Mortgage 101

PITI: 4 Mortgage Terms You Should Know

By Lauren Caggiano on March, 9 2020
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Lauren Caggiano

Lauren Caggiano is a Fort Wayne-based copywriter and editor with a nerdy passion for AP Style. In her free time, she enjoys volunteering, thrift shopping, fitness and travel. Learn more on her website:

The U.S. housing market has been on fire for several years now. Are you looking to get in on the action in 2020? How exciting! When preparing to buy your first home, you will encounter your share of industry lingo in the process. Among them is PITI — an acronym that stands for "principal, interest, taxes, and insurance." Those four things enter into the equation when it comes to many borrower’s mortgage payments.

 Here’s a look at what these terms mean and how they can affect you:

The Principal

Principal refers to the amount of money you borrowed from your lender, minus the amounts repaid to the lender. As you pay your mortgage every month, this is applied to reduce the principal.

 The Interest

Mortgage interest is the main way the lender makes a profit on your loan. Amortization is a word you might hear in this context. It refers to the process and period of reducing debt. For example, in the case of a 30-year mortgage, the largest portion of a monthly payment is applied toward interest, with only a small fraction of the payment chipping away at the principal. With time, more of the monthly payment is paid to the principal, with a smaller amount applying toward interest. So in this sense, owning a home calls for a long game mindset.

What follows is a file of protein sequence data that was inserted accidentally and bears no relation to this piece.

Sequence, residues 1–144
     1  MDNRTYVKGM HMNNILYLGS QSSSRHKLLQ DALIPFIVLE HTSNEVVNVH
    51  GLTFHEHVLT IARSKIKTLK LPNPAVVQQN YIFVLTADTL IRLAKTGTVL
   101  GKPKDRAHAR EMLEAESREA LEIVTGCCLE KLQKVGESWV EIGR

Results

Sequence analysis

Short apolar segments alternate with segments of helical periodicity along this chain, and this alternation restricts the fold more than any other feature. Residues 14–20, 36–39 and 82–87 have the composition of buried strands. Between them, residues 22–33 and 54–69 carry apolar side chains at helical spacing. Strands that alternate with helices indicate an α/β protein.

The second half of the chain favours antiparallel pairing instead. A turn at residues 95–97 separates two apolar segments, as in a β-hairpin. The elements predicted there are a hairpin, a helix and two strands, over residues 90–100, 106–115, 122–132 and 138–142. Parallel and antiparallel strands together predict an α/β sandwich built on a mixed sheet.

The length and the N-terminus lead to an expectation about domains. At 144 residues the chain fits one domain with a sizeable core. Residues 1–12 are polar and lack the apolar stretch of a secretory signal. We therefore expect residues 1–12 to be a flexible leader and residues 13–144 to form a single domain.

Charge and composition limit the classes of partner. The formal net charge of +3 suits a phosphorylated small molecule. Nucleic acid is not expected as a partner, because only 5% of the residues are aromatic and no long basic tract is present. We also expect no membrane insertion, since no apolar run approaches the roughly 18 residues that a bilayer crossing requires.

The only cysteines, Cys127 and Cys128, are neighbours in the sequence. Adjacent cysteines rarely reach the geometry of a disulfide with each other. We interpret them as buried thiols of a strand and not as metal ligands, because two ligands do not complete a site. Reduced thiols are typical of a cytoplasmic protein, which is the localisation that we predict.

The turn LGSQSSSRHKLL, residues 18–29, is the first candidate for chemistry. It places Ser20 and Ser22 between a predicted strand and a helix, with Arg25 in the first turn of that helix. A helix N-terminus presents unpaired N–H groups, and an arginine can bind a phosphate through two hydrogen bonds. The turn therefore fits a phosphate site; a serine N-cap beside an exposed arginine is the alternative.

The amount of taxes you’ll have to pay varies according to your locale. Every county has its own taxation system. The rate of taxation can fluctuate from year to year. And sometimes property values are reassessed upon resale — you shouldn’t count on the previous homeowner's tax payments remaining consistent.  Check with your county assessor's office for specifics.

 An aside: The timing of your first tax payment after you take ownership will depend on how much the lender withholds when setting up the tax account. It’s safe to assume that anywhere from two to six months will be collected in advance, reflected in your closing costs.


If you are buying a single-family home, you will need to take out an individual homeowner's insurance policy. Don’t procrastinate, especially if you're buying an older home — some companies are unwilling to insure, because factors like wiring, plumbing, and the roof can present a higher risk of damage to the home.

 It’s important to note that you will need to pay upfront for the first year of insurance coverage at closing. However, you may arrange with your lender to pay for subsequent years of coverage through your mortgage payments.

 It helps to be educated so that you know what you’re signing up for when you prepare for such a life event as buying a home. But know that you don’t have to go it alone. Ruoff Mortgage knows that researching and educating yourself is the first step towards making any big decisions. We have guides for every stage of the process with detailed explanations of what you should expect, and worksheets to help you plan for your homeownership dreams.